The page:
4. The social exercise options the industry promotes are awkward and lonely.
It’s weird that people opt to do group classes but never speak to anyone in the class and, despite seeing the same regular faces every week, don’t know anything about them. Instructors in regular gym classes rarely know people’s names (and, in the worst cases, don’t acknowledge their existence!), which obviously makes people feel undervalued and unimportant. Exercise classes and sports that have built a social community around them have much higher retention rates than those that are isolating- because having actual friends in your exercise class gives you another, real, reason to show up.
5. The messaging of the fitness industry is deeply, uselessly negative and often offensive.
Fitness companies are huge culprits of propagating a feeling of guilt or inadequacy in society today: ‘Get your beach body!’, ‘Fit into your birthday suit!’, ‘Overindulged this Easter?’ They imply that you are not good enough or that you deserve to be punished for your behaviour. They also imply that their product presents a magical, quick-fix solution to your problem. They only ever focus on the extremes, those results of an extremely controlled or uncontrolled lifestyle. But what about the rest of us, those who are making good regular sustainable progress. Normal is underrated. It’s great to be healthy, appreciate that!
The route to health is a long term journey, with starting points and aspirations different for us all. There are thousands of other ways of working out and pushing yourself, many of which are positive rather than negative. In reality, these messages only really appeal to a few already fit, boring individuals who prioritise their looks to an unhealthy degree. This attitude is so prevalent amongst the fitness industry that these condescending messages are considered normal and its unacceptable (from a health perspective) and stupid (from a commercial one) not to do more to positively encourage those who don’t normally work out to come and give it a try. But unfortunately the industry is so out of touch with this community it seems unlikely to change soon.
6. You are handcuffed to them for long after you stopped using their service.
Most gyms unscrupulously hook clients in with enforced 12-month contracts. Fortunately, this is starting to change but for all too long the 12-month contract has been standard, and the reason is simple- gyms are well aware that 80% of their users don’t show up. The gyms, however, actively encourage this. Their business models are built off these non-attendees and they very deliberately do nothing to get them through the door. So, why? Well, because if everyone who was a member of the gym showed up, there wouldn’t be enough space for them all. Gyms make most of their money through non-attendees and so their contracts are designed to suit the gyms and not the customers. It is not in their interests to get people to show up and get fit.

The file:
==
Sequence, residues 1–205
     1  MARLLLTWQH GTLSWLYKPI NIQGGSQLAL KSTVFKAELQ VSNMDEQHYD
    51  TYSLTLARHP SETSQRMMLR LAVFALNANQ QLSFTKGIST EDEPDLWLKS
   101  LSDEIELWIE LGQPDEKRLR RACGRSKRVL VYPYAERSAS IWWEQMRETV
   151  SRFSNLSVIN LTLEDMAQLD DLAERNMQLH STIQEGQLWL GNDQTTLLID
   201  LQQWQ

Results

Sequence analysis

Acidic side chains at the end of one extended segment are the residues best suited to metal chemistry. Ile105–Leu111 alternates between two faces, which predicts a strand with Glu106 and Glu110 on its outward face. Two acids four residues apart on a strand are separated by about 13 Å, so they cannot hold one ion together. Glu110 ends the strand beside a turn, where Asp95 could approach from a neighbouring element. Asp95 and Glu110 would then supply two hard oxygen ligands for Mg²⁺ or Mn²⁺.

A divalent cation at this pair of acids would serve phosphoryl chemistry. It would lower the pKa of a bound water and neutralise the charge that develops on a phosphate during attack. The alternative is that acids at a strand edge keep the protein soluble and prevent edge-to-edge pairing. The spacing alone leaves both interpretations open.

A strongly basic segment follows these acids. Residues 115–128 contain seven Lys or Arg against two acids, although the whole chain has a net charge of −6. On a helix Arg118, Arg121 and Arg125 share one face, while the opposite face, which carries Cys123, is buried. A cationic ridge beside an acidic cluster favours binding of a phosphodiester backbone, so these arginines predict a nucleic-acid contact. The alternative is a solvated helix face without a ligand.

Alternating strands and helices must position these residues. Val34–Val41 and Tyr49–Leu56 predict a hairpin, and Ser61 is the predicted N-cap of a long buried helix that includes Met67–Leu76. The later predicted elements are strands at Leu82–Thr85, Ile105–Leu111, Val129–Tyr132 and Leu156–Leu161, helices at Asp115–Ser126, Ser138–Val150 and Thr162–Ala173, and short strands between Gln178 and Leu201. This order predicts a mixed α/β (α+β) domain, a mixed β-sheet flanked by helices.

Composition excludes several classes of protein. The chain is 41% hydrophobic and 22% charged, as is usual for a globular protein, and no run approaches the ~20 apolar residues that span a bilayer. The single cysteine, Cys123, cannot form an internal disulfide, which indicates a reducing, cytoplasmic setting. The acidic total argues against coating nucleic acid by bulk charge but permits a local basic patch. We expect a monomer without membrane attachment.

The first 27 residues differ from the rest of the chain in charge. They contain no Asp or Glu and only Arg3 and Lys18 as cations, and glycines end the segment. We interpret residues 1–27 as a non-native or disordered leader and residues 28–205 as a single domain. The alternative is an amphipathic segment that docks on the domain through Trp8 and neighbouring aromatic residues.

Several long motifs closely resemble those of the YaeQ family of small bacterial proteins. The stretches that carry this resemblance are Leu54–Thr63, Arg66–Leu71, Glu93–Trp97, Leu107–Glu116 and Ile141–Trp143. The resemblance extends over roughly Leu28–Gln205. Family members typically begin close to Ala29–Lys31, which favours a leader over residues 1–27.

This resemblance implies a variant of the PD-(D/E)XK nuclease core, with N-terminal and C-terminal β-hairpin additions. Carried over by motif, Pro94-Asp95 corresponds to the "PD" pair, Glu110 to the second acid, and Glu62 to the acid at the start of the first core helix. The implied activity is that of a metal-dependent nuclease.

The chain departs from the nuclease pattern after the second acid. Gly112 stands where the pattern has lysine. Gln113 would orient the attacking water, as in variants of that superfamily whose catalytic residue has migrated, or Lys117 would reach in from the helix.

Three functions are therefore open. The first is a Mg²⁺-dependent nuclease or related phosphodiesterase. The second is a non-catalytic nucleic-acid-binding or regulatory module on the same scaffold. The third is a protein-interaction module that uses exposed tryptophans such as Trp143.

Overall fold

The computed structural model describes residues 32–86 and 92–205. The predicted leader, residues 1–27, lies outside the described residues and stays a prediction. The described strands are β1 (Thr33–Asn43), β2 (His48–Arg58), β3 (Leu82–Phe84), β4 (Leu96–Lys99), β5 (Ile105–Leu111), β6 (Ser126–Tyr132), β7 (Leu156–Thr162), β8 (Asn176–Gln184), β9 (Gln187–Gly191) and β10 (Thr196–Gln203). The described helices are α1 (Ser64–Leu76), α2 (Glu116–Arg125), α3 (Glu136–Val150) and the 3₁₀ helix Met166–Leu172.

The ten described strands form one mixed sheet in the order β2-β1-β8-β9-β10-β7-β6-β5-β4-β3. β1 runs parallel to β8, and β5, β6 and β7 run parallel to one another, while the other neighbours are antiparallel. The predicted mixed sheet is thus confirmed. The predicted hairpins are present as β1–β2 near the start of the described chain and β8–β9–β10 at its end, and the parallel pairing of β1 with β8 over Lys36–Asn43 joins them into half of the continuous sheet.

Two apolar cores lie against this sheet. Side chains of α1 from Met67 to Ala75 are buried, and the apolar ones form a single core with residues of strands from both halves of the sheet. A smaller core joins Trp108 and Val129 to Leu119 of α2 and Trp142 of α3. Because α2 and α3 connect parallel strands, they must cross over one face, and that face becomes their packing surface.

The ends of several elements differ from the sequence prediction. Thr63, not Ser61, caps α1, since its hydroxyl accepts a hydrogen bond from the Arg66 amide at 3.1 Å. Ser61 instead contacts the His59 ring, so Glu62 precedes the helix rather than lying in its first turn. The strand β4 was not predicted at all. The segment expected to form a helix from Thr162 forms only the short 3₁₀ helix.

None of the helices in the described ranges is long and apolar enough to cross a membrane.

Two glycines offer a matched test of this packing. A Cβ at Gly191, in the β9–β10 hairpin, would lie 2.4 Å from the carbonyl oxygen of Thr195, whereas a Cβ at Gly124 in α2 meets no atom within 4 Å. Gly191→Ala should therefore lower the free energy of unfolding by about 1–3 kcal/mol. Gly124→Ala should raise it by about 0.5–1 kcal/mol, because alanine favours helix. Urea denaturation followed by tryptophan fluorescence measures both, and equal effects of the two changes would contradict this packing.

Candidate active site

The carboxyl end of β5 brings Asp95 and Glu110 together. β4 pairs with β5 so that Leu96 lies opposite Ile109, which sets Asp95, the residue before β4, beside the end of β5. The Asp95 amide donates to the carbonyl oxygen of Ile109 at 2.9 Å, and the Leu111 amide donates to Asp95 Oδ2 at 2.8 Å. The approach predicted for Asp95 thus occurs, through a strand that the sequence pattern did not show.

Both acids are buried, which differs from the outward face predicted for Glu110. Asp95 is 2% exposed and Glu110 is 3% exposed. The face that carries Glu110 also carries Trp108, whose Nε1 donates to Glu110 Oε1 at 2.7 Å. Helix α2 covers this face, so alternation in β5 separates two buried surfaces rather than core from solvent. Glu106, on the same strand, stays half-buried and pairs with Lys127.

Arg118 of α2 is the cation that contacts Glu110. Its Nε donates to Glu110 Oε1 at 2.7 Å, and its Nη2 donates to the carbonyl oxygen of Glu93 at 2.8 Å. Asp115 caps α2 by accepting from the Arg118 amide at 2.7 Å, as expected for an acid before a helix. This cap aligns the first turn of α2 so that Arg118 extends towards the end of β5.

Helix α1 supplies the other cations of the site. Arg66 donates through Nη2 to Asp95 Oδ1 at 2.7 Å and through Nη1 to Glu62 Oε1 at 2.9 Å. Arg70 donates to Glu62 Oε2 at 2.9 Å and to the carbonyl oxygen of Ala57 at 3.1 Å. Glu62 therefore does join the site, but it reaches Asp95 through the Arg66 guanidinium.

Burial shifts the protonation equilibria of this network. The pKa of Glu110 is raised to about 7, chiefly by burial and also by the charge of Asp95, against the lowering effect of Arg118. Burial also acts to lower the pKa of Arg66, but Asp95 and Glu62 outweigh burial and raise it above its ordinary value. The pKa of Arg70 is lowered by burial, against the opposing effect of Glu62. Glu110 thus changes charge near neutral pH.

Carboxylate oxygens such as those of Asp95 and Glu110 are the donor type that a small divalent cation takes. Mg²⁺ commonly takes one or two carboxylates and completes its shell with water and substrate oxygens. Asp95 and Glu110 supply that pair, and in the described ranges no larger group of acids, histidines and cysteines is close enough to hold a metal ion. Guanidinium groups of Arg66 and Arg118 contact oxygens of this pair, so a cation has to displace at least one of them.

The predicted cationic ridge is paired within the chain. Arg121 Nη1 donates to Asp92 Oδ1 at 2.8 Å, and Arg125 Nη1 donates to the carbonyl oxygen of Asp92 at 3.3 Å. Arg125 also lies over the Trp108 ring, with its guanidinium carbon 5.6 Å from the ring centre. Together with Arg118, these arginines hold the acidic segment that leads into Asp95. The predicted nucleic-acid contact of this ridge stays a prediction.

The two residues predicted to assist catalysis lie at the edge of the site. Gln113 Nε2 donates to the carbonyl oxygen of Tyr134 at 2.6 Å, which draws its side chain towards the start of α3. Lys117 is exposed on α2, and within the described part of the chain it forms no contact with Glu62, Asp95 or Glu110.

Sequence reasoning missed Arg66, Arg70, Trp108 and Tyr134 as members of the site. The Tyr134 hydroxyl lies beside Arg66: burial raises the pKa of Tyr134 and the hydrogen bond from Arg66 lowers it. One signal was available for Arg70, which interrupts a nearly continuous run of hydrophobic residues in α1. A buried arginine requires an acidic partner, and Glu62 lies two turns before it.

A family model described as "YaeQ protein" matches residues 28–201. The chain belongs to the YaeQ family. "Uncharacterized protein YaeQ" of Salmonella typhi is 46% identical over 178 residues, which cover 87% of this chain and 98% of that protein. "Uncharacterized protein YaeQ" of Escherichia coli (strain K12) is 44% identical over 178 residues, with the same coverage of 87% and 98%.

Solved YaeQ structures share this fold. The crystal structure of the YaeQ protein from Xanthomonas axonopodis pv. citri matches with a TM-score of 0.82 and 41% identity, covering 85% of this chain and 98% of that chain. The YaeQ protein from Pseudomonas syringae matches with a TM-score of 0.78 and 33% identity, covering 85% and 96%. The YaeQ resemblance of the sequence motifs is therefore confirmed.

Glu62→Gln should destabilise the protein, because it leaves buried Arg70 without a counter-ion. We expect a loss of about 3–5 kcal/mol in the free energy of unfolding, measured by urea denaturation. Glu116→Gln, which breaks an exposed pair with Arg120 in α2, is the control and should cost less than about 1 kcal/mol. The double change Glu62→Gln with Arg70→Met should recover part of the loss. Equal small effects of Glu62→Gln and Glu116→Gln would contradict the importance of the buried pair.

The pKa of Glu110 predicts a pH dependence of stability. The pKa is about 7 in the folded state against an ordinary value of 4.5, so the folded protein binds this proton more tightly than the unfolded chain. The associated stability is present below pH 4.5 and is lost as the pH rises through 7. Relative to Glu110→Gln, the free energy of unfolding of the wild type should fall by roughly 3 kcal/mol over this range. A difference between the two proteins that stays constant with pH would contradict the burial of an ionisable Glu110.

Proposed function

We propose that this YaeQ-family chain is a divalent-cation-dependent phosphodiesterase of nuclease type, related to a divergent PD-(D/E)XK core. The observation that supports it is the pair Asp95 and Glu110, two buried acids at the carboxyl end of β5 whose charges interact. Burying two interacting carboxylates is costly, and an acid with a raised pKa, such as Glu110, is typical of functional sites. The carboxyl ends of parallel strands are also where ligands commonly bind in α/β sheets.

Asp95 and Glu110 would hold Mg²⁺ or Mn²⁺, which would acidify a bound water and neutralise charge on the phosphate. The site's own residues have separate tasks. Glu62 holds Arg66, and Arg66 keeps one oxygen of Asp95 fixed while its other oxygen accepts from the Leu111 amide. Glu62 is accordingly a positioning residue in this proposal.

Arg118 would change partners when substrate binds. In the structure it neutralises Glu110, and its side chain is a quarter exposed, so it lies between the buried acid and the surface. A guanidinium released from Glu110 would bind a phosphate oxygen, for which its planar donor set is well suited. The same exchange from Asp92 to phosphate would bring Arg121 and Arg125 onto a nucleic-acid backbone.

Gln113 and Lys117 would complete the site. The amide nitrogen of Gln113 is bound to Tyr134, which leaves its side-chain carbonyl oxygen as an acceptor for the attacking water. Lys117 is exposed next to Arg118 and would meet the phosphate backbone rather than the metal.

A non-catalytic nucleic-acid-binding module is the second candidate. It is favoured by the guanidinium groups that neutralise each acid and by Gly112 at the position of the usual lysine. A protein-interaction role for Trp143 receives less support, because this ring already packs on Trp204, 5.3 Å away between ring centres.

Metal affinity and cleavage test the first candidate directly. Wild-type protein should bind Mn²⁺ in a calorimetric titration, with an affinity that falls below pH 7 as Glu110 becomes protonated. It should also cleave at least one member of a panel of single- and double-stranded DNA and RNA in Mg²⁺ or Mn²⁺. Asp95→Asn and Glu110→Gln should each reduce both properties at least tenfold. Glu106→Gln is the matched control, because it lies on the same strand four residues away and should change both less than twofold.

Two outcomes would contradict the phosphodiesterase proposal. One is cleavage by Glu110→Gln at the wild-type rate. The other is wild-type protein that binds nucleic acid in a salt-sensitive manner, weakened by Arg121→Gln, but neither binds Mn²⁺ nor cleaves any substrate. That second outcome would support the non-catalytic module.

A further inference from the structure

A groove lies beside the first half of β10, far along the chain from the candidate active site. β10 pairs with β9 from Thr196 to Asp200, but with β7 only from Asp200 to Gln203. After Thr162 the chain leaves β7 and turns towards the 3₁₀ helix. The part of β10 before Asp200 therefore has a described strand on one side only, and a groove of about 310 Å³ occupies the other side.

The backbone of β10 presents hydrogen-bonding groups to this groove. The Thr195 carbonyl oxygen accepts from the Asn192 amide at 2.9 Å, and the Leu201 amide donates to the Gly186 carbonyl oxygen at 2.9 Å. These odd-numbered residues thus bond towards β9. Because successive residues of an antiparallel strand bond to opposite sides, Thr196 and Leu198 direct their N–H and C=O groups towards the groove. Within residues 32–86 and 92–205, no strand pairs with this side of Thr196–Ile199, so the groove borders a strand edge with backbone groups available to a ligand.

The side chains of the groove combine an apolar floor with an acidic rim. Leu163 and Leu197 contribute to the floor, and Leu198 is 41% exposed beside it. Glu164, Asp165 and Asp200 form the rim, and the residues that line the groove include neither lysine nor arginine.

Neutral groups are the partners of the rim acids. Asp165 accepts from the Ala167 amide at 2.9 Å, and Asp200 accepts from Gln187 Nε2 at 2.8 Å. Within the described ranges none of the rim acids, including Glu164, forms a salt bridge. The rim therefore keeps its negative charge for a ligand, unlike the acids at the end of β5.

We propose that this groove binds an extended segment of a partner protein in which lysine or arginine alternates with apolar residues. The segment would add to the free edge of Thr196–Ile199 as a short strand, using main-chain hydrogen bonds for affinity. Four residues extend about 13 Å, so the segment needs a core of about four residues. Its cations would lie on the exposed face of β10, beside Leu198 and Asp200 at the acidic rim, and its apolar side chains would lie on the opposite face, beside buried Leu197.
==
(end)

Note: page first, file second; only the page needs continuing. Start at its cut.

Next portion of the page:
7. Most gyms focus on aesthetics rather than health.
Many fitness company websites could easily be selling plastic surgery,
models or escorts. They propagate the message that the most important thing is to look good. The images which make up their entire publicity campaigns are totally aspirational and, largely, not realistic. Even in the case of the miserable, dedicated few who do devote their lives to attaining gym-bunny perfection, most gyms don’t actually help them to achieve their flawless physiques in a sustainable and enjoyable way.
This can be extremely damaging, as many of the models whom we are supposed to idolise live unhealthy, extreme lifestyles littered with brutal, disordered exercise and frankly dangerous eating behaviour. It’s seen in personal trainers too, who yoyo in size and weight as much as the rest of us. Why? Because also they don’t enjoy their own fitness regime enough to hold to it in the long term. There should be a focus on gradually fitting exercises to your lifestyle, leisure and diet in order to see sustainable lifelong results.
Fortunately there have been some recent positive shifts in the industry. Workouts are becoming more functional, even if it’s still largely repetitive and boring there’s more of a focus on the strength built being of practical value. Try something like Parcours, where you learn some impressive skills as well as building strength. There has also been more emphasis on cardio workouts; which is the most important fitness component for long term health. On attitude the #thisgirlcan campaign was a refreshing change, to combat the elite, aggressive mindset, it was actually humourous, relatable and inspiring it touched base with many women and encouraged 150,000 to join in! There’s also been a shift in mindset in terms of expectation, it’s normal to see people running to work, heading out at lunchtime and playing sport after work. We are passionate at Rabble about loving life, we play ourselves fit and see many people each month who were not previously engaged with any form of fitness transform their health through games and that should be the role of the exercise industry. Let’s bring playtime back!